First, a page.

With plots and input lists in hand, Grant and I sat down to put together a game plan for microphones. Admittedly I was throwing the kitchen sink and the bathtub into the first proposed pick list.

For the first large show, I didn’t feel confident using clip-on type mics simply due to the logistics of rigging them to the instruments, plus potential cabling issues and a very tight timeframe. In addition, I wanted to present the warmest sound possible and knew it would be a compromise sonically with the elements we had available.

The Steve Colby article was my stepping off point on how to approach microphone selection. He recommends the venerable Shure SM81 for these important reasons: being outdoor friendly, acceptable wind resistance, capturing a flat response and most importantly, being easily obtainable. So, I stuck with the plan of SM81s nearly everywhere. (I will detail my experience using clip-ons with the rock band and strings later in this series).

Knowing Grant at Event Enterprises had plenty of the mics in his inventory, I made a commitment to use these for consistency and also if we had a failure, backups were readily available.

Leaning In

Recently I hosted a panel of mix engineers for Nathan Lively’s “Live Sound Summit” and reached out to one of the guests, Claudia Engelhart, for some help with my current orchestral challenge. Engelhart is a very talented and seasoned engineer, tour manager, and great human. She stresses the importance of not “over amplifying” acoustic instruments and has found that quieter concerts force the audience to listen more closely and focus. I’ve personally found this is absolutely the case – the audience is leaning into the experience.

The next call was to Ralph LaRocco, a long-time engineer for the Cincinnati Symphony Orchestra and Cincinnati Pops who has “done it all” in many very challenging situations. Some key takeaways from Ralph were how to mic a French horn (low and behind the section, several feet back), clarinets benefit from the “floor bounce” from the bell of the instrument and carpeted stages may pose a challenge for the musician.

He also likes to use a few omni microphones for woodwinds and flutes positioned to the right of the principal flute and one to the left of the principal oboe – both at just over the top of their music stands pointed straight up. The bassoon mic should be to the players right, cutting across the player toward the mid/top of the instrument.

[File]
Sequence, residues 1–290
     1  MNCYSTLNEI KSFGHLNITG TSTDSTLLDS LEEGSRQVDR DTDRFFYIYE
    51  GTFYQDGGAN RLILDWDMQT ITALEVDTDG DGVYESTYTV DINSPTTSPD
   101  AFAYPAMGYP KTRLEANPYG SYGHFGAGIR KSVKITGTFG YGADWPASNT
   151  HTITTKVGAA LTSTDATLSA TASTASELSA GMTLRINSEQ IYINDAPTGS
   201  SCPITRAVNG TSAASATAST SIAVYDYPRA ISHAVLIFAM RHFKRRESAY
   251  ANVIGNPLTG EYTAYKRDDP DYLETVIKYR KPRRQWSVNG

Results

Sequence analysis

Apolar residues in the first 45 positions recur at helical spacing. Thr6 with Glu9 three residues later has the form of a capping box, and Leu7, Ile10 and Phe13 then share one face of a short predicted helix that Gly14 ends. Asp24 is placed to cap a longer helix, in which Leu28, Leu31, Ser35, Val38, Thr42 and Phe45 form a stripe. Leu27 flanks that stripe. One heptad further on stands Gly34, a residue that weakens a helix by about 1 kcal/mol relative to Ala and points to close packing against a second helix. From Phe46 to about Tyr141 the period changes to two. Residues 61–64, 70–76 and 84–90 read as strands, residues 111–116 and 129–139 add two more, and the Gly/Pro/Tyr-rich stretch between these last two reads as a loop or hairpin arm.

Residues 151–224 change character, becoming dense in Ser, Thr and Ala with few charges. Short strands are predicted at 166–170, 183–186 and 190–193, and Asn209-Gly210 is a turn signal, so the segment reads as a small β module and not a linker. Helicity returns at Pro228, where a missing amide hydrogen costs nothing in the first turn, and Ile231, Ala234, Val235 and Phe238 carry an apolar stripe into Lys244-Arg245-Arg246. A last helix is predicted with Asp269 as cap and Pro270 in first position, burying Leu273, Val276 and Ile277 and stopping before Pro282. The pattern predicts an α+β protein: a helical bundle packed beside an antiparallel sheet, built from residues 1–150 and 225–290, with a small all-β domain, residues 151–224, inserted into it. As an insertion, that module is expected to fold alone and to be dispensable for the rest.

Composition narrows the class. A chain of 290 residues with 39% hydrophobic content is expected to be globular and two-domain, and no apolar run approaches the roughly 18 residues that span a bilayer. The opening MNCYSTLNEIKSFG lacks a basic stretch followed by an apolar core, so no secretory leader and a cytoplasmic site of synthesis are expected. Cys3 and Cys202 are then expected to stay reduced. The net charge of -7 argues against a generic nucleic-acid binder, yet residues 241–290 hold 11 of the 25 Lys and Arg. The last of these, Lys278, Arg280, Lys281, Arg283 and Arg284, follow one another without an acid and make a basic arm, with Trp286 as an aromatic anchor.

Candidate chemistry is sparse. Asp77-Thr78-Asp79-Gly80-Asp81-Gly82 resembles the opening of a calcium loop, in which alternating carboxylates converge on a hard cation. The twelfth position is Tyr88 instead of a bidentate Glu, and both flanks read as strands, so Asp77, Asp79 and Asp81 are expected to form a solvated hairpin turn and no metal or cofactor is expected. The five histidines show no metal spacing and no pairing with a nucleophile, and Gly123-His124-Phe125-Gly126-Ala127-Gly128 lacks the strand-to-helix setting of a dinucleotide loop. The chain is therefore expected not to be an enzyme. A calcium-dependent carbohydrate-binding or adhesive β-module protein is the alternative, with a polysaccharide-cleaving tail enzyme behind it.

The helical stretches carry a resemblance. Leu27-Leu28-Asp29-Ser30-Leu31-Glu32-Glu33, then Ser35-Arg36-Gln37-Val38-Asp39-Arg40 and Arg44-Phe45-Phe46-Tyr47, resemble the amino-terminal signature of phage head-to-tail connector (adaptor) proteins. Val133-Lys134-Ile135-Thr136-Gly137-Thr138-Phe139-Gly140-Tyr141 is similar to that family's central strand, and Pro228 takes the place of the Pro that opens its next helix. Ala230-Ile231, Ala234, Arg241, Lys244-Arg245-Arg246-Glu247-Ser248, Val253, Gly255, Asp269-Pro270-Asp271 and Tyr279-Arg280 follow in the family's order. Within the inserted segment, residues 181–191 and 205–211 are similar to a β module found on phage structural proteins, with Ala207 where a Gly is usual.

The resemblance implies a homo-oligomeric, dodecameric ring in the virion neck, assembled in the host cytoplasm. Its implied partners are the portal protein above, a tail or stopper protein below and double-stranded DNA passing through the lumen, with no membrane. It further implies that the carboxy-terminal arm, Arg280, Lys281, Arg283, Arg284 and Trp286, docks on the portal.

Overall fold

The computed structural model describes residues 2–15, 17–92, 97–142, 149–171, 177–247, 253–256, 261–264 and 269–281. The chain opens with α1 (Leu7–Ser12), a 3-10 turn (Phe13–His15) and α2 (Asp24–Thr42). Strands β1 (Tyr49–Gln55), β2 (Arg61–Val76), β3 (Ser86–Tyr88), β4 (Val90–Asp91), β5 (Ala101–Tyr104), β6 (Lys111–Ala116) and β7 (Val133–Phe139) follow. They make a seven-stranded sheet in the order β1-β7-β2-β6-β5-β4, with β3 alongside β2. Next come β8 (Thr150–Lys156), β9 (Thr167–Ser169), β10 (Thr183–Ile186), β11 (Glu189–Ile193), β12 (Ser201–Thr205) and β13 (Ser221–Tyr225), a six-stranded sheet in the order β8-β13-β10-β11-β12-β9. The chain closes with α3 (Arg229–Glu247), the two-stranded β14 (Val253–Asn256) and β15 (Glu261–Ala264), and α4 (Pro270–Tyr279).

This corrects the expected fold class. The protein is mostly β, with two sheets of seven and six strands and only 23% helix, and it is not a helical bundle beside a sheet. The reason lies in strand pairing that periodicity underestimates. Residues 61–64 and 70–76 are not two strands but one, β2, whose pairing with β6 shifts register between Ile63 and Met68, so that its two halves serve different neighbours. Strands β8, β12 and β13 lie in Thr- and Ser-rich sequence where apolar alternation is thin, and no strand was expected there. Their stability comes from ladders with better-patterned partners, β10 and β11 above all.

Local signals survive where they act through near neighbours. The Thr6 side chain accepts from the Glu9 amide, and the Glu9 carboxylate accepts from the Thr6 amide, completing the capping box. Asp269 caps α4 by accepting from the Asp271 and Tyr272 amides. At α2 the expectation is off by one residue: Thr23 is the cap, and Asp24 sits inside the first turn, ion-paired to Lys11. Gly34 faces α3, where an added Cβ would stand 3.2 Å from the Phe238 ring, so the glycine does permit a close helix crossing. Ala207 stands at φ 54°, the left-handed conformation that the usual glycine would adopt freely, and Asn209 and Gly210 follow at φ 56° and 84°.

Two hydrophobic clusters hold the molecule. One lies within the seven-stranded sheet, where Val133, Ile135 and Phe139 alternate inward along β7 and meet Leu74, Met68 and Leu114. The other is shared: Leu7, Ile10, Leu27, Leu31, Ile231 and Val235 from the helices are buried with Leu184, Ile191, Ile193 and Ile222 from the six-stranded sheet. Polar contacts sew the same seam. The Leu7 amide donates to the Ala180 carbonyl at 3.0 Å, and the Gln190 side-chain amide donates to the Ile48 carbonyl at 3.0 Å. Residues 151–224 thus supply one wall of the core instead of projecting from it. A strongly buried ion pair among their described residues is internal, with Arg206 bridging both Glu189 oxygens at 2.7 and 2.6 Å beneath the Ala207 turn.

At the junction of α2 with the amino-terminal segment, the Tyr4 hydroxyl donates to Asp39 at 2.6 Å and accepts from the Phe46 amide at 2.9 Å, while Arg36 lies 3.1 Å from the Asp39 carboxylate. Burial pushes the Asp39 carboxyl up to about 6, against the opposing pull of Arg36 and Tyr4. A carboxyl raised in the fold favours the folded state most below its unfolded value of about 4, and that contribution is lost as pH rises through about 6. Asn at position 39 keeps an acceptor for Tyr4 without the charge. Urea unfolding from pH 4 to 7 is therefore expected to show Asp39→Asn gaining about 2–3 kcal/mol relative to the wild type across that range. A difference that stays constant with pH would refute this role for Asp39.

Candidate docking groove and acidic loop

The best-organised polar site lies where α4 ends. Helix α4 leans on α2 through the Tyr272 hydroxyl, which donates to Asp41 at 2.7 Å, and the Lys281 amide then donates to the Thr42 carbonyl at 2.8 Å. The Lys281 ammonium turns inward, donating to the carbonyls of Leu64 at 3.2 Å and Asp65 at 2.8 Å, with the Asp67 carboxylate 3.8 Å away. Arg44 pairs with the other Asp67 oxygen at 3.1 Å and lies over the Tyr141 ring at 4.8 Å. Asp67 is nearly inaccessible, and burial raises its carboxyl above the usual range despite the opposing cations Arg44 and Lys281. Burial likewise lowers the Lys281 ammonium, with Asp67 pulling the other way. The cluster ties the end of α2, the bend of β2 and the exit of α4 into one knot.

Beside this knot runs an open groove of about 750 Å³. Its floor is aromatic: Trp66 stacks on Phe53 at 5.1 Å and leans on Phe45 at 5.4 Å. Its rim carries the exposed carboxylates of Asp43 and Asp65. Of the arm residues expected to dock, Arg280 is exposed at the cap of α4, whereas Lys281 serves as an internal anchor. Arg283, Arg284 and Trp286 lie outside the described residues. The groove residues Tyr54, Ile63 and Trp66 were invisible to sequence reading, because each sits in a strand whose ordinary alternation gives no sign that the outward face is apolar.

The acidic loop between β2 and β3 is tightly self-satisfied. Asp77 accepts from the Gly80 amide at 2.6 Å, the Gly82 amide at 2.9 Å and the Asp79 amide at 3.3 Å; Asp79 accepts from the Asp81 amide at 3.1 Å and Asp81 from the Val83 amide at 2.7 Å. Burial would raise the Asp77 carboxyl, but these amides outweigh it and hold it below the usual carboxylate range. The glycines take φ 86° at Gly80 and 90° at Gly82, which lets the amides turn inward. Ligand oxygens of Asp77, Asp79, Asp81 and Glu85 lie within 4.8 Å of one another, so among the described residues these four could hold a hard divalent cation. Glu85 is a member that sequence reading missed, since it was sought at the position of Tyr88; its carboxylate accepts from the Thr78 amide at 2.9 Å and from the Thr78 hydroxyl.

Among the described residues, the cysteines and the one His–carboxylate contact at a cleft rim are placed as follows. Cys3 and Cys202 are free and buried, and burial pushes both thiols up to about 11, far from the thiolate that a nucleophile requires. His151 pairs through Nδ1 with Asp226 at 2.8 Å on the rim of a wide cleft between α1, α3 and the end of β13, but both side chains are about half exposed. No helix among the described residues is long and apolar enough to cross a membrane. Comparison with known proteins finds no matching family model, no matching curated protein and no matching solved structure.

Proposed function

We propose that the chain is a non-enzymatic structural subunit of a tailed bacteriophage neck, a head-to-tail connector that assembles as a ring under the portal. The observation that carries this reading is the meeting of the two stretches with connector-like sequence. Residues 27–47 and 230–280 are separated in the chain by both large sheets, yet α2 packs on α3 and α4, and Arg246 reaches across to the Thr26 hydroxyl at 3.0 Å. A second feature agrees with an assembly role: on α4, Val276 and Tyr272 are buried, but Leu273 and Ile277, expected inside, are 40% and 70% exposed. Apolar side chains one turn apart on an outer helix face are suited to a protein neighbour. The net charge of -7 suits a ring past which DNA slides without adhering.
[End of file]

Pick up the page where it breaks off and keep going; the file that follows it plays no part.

Another look at the mic deployment, which employed a healthy quotient of Shure SM81 condensers.

The console for this series was a Yamaha CL5. I put all the ensemble in a stereo group, offering a bit of global EQ as well as Yamaha’s wonderful dynamic EQ plugin set to help a bit around 2 to 5 kHz as well as at 125 to 250 Hz. Then I placed the sections (first violins, second violins, celli, horns, etc.) in VCA groups, which gave me the ability to react quickly to suggestions about balances from the assistant conductor.

Soloists were independent of the groups and sent directly to left-right, offering me the ability to easily feature the soloist when necessary by reducing the ensemble a bit with a single fader. In some instances, I employed Yamaha’s Portico 5045 primary source enhancer to help reduce bleed.

Then, to help simulate the concert hall experience, I applied just a touch of a stereo hall effect using a stereo send. I also put a dynamic EQ on the LR. A ground stacked NEXO STM/M28 array was deployed as well as some NEXO PS10s as out fills. No subs were used.

It Becomes Reality

The first show was at Cincinnati’s beautiful Seasongood Pavilion, a unique outdoor amphitheater nestled into a hill surrounded by trees. This show was conducted by Eckart Preu and featured works by George Walker, Tchaikovsky, and Beethoven as well as guest soloist, cellist Sujari Britt.

Time was of the essence – a sound check and full show rehearsal was scheduled within a very tight time frame. I wanted to be prepared and have all the usual patching and routing kinks worked out. The stage plot shows where I chose to place microphones following the guidance of what I’ve learned.

Once the musicians were in place, I quickly introduced myself and took the time to ensure the microphones were placed in a position that was comfortable. I believe this small gesture built trust and instilled a sense that I care about presenting the musicians’ talent and sound with the utmost quality.

The initial challenges with this venue were mainly environmental. Humorously, sound check was accompanied by the unexpected chorus of heavy construction in the area and the constant rumble of dump trucks, a sound engineer’s dream come true. I did my best to rough-in a sound that I was happy with. The assistant conductor and orchestra staff offered tremendous help with balance and sound. Having the score in front of me also helped me anticipate upcoming section features.

After some tweaks with feedback from Eckart (the conductor), we were set. A few hours later, the gates were open and the audience arrived for a beautiful late summer evening under the stars. A brief prelude talk with the conductor and featured soloist came next and then we were set for the show.

I took a few deep breaths and slowly pushed up the VCAs in concert with the first swell of the ensemble. It was magic. The musicians played wonderfully. The audience was kind and everything went as I had planned – no one knew I was even there.

Stay tuned for more in this series. Next time I’ll detail how I managed a string section with a rock band in a very small venue. I hope sharing my experiences here may help you with your next outdoor orchestral adventure.